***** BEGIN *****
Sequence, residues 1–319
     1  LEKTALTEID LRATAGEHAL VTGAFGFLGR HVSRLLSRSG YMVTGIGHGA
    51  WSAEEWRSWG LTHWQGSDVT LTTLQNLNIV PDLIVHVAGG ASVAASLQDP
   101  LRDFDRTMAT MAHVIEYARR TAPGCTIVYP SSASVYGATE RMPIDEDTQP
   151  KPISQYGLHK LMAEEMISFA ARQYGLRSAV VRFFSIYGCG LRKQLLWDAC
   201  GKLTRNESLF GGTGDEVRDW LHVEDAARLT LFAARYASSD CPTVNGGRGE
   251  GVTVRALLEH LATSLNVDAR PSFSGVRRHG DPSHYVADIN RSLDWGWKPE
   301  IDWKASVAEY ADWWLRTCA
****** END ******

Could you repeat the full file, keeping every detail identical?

Sequence, residues 1–319
     1  LEKTALTEID LRATAGEHAL VTGAFGFLGR HVSRLLSRSG YMVTGIGHGA
    51  WSAEEWRSWG LTHWQGSDVT LTTLQNLNIV PDLIVHVAGG ASVAASLQDP
   101  LRDFDRTMAT MAHVIEYARR TAPGCTIVYP SSASVYGATE RMPIDEDTQP
   151  KPISQYGLHK LMAEEMISFA ARQYGLRSAV VRFFSIYGCG LRKQLLWDAC
   201  GKLTRNESLF GGTGDEVRDW LHVEDAARLT LFAARYASSD CPTVNGGRGE
   251  GVTVRALLEH LATSLNVDAR PSFSGVRRHG DPSHYVADIN RSLDWGWKPE
   301  IDWKASVAEY ADWWLRTCA